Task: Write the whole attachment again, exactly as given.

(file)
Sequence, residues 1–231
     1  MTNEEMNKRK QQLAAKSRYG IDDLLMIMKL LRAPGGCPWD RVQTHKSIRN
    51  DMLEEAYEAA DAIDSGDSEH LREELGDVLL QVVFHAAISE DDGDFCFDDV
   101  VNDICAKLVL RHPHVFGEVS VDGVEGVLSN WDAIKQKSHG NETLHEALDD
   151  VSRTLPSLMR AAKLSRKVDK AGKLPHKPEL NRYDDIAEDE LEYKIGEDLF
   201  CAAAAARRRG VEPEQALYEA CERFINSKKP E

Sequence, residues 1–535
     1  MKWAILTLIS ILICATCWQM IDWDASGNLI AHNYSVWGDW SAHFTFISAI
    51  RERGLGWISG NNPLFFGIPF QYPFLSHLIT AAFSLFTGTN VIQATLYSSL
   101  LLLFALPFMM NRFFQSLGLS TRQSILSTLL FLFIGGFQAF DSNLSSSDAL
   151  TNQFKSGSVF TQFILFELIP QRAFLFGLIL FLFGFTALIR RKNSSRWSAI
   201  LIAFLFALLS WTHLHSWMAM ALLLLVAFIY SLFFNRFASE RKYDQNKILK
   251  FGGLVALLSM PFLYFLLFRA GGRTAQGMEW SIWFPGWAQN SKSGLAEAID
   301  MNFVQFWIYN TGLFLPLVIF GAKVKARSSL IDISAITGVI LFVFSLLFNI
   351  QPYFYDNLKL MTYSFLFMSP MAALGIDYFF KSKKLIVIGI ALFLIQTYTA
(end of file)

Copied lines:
Sequence, residues 1–231
     1  MTNEEMNKRK QQLAAKSRYG IDDLLMIMKL LRAPGGCPWD RVQTHKSIRN
    51  DMLEEAYEAA DAIDSGDSEH LREELGDVLL QVVFHAAISE DDGDFCFDDV
   101  VNDICAKLVL RHPHVFGEVS VDGVEGVLSN WDAIKQKSHG NETLHEALDD
   151  VSRTLPSLMR AAKLSRKVDK AGKLPHKPEL NRYDDIAEDE LEYKIGEDLF
   201  CAAAAARRRG VEPEQALYEA CERFINSKKP E

Sequence, residues 1–535
     1  MKWAILTLIS ILICATCWQM IDWDASGNLI AHNYSVWGDW SAHFTFISAI
    51  RERGLGWISG NNPLFFGIPF QYPFLSHLIT AAFSLFTGTN VIQATLYSSL
   101  LLLFALPFMM NRFFQSLGLS TRQSILSTLL FLFIGGFQAF DSNLSSSDAL
   151  TNQFKSGSVF TQFILFELIP QRAFLFGLIL FLFGFTALIR RKNSSRWSAI
   201  LIAFLFALLS WTHLHSWMAM ALLLLVAFIY SLFFNRFASE RKYDQNKILK
   251  FGGLVALLSM PFLYFLLFRA GGRTAQGMEW SIWFPGWAQN SKSGLAEAID
   301  MNFVQFWIYN TGLFLPLVIF GAKVKARSSL IDISAITGVI LFVFSLLFNI
   351  QPYFYDNLKL MTYSFLFMSP MAALGIDYFF KSKKLIVIGI ALFLIQTYTA